I know they’re important. Really important. I get it.
Maybe I hate it because I’m not good at it.
But where does one go to get feedback or training on title-writing?
The only training I’ve had has talked about titles as a means of getting clicks (“Use numbers! Five ways to write great headlines!”), and I guess that’s part of it, but really, I just want a solid title that piques curiosity in people who sift past clickbait.
I’m not selling anything (including ads, etc.), so it’s just a matter of sharing. I take time to write, I think it’s generally interesting, and I’d like people to read (and maybe reply! I’d love to be able to spark conversations!).
Thousands of people? Not necessarily. (That feels stressful, but maybe it would be OK.)
Only my biggest fans are going to click through and read if the title is crap.
It’s like when Dustin Hoffman realized that he had been dismissing potentially interesting women because of how they looked. (See that interview clip here.)
So. As with many things, I do my best, and people click or they don’t, and on we go.
Saturday last weekend, I was at a funeral for the husband of a coworker.
I know this coworker strictly at work. We’ve never talked about life outside the building; we’re not connected through any social media.
During the service, they played a slideshow, trying to capture this man’s life. (Can you ever really capture it?) They were married a long time, so, as expected, she was in quite a few of the photos.
It was neat to see her “other life,” to see a little bit of who she is when she’s not at work. (Or who she is when she’s at work, because it’s all different sides of the same person…)
A few times, I’ve shared a “share a random fact about yourself” thing on Facebook, and I’ve learned things about my friends that I didn’t know. Not just the people who I don’t really know anyway, but people who I’m friends with offline, talk to often, etc. Some of them were surprising.
I’m sure there are things about me that people would be surprised to learn. I don’t know what those things are, because they’re really more about other people’s perception of me. (Just like my surprise was based on my perception.)
But this “hidden side” — sometimes hidden intentionally, sometimes legitimately just never came up — is what is so interesting about hearing people’s stories. Even people who I’ve known a long time. There are always more interesting things lurking. Often things that the owners don’t see as interesting. It’s just a matter of finding them. Which I’m not at all good at. But I often like listening, so there’s that. Now just to get better at asking the right questions…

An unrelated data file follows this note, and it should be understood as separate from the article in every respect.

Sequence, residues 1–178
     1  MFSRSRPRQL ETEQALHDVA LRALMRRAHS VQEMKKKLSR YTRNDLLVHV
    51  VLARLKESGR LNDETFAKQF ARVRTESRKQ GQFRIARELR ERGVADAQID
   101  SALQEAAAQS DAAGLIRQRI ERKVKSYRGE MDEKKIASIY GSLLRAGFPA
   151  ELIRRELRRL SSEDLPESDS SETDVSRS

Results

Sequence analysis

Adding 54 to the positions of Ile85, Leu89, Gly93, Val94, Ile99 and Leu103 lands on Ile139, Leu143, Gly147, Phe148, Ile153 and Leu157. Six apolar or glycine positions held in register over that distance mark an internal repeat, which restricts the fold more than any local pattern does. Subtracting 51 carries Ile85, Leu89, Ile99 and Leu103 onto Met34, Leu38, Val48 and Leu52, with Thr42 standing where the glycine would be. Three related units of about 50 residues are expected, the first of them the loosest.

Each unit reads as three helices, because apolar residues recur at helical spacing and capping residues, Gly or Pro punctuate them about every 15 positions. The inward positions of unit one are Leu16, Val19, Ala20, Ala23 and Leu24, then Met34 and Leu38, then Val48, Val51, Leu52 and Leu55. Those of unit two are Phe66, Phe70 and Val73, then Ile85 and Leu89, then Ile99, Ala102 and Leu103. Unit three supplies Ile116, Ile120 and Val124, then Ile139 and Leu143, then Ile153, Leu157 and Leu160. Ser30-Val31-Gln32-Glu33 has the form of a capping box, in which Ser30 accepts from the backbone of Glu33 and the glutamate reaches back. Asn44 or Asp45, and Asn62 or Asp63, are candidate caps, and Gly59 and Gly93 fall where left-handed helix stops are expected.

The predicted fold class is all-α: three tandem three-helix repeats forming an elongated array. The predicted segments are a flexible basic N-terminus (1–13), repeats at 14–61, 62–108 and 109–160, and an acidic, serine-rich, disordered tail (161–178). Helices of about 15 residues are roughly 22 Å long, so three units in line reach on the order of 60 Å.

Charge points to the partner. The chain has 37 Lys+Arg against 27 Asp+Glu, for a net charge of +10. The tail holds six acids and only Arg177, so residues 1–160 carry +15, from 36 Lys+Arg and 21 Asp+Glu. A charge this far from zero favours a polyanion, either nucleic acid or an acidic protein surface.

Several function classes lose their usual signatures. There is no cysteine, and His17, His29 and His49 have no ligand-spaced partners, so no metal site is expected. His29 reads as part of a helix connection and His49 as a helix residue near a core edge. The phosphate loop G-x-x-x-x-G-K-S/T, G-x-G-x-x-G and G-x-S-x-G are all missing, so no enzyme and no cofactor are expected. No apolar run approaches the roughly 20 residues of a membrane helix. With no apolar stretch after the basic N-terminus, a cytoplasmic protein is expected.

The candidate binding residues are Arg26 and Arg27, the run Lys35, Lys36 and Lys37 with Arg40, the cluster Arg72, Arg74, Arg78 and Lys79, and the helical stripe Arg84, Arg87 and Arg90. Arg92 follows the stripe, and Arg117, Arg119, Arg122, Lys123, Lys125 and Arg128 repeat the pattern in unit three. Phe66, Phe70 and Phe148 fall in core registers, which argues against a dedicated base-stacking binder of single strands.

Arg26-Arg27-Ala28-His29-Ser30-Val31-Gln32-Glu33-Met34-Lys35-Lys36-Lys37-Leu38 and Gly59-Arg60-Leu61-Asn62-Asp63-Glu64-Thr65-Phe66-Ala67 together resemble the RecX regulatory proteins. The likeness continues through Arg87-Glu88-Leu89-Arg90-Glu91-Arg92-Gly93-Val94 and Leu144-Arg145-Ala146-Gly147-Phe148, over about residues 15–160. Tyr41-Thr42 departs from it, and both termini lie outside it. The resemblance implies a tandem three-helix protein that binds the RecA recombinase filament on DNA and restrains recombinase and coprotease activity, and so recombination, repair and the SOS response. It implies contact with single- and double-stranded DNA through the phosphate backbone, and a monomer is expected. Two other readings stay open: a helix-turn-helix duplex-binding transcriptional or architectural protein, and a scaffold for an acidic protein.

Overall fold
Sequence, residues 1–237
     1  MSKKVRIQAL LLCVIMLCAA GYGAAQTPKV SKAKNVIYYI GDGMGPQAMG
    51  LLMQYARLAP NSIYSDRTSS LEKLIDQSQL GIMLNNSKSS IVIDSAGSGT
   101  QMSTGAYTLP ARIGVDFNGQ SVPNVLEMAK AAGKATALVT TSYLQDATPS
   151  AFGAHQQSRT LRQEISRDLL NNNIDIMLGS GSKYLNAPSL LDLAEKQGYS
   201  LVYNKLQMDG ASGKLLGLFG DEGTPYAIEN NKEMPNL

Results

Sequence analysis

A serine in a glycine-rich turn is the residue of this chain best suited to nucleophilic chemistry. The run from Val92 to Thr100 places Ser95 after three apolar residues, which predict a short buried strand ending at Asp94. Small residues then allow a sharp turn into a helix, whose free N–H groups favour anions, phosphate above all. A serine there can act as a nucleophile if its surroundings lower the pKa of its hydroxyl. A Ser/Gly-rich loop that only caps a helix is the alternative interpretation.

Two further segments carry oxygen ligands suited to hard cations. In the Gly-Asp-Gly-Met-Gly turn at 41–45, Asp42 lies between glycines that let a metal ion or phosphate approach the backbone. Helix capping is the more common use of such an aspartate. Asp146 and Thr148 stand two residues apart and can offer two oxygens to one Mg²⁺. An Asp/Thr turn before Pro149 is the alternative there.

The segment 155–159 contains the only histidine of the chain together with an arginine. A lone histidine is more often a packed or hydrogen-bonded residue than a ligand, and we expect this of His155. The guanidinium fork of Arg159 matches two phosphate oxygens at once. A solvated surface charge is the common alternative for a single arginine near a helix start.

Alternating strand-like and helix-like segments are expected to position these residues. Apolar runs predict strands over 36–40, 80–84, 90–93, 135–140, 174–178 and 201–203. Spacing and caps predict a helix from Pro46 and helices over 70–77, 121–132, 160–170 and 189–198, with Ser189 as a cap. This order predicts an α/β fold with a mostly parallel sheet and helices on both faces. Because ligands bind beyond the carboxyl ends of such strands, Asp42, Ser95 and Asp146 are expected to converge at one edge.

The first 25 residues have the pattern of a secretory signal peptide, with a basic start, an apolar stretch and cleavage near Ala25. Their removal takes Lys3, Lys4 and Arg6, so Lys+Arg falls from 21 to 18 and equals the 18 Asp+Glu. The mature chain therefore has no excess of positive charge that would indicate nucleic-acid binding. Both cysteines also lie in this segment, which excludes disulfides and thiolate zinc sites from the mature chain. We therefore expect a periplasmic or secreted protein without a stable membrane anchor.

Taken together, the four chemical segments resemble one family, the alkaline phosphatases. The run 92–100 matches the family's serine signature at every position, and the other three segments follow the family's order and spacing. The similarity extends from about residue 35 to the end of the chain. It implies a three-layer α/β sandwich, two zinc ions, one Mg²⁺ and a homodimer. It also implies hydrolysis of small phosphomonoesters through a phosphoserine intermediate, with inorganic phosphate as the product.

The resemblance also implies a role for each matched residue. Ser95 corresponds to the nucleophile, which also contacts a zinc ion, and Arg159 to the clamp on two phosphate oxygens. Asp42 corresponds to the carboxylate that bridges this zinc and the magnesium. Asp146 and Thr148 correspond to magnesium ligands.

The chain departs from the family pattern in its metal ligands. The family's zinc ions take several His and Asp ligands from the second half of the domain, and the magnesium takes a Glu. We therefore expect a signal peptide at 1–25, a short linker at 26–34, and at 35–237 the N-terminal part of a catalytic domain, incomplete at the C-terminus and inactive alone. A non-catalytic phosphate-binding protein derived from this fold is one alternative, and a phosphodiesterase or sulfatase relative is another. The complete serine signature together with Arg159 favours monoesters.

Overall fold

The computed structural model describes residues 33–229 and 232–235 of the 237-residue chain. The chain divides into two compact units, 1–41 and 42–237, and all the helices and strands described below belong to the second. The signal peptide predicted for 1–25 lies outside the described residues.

For a long time, peanut brittle was one of my favorites. And it was an infrequent treat, which made it even more delightful.
It’s been years, maybe decades, since I had peanut brittle.
There was some at work the other day.
I took a piece. Or two…
And you know what? It wasn’t that delicious.
I relayed this story to a friend who reacted with sadness, but no! It’s not sad at all!
Peanut brittle is crap. It’s (formerly) tasty crap, but it’s still crap.
And now, if it shows up in the teachers’ lounge again, I won’t have to expend any energy to pass it by, because it’s not delicious.
It’s not the first time this has happened, and I’m sure it won’t be the last. The list of things that are no longer delicious just got one thing longer.
And yes, there have been a few things that I had for the first time in years and yes, they were still amazing. (A cream doughnut from McMillan’s Bakery immediately comes to mind. Only ate a couple of bites but YUM.)
But it’s OK to let your taste buds get pickier about junk food. Your body will thank you for it.
The Kid is learning to read. I mean, he’s in the years-long process of learning to read.
He loves to read.
Part of that is that he reads things that are interesting to him. It doesn’t have to be books. It doesn’t have to be at his reading level. Whatever is interesting.
Sometimes, he likes to read his old picture books. (The words in those are not always easy to read, since they’re generally intended to be read out loud by a competent reader. Even when they are easy, he enjoys them.
Sometimes, he reads LEGO magazines.
Sometimes, he reads chapter books.
Right now, he’s reading a Minecraft graphic novel. I believe he’s read it in its entirety three times since acquiring it less than a week ago.
Reading is reading. It’s all practice. It’s all building skills, building habits, nurturing a love of reading.
I remember overhearing a conversation years ago between two moms. One’s son was only interested in reading comic books. She forced him to read “real books” before he was allowed to read comic books. They weren’t school-assigned; she just didn’t think comic books “counted” as reading.
There are words, sentences. There’s a story. There are characters.
It counts. It all counts.
Reading is reading.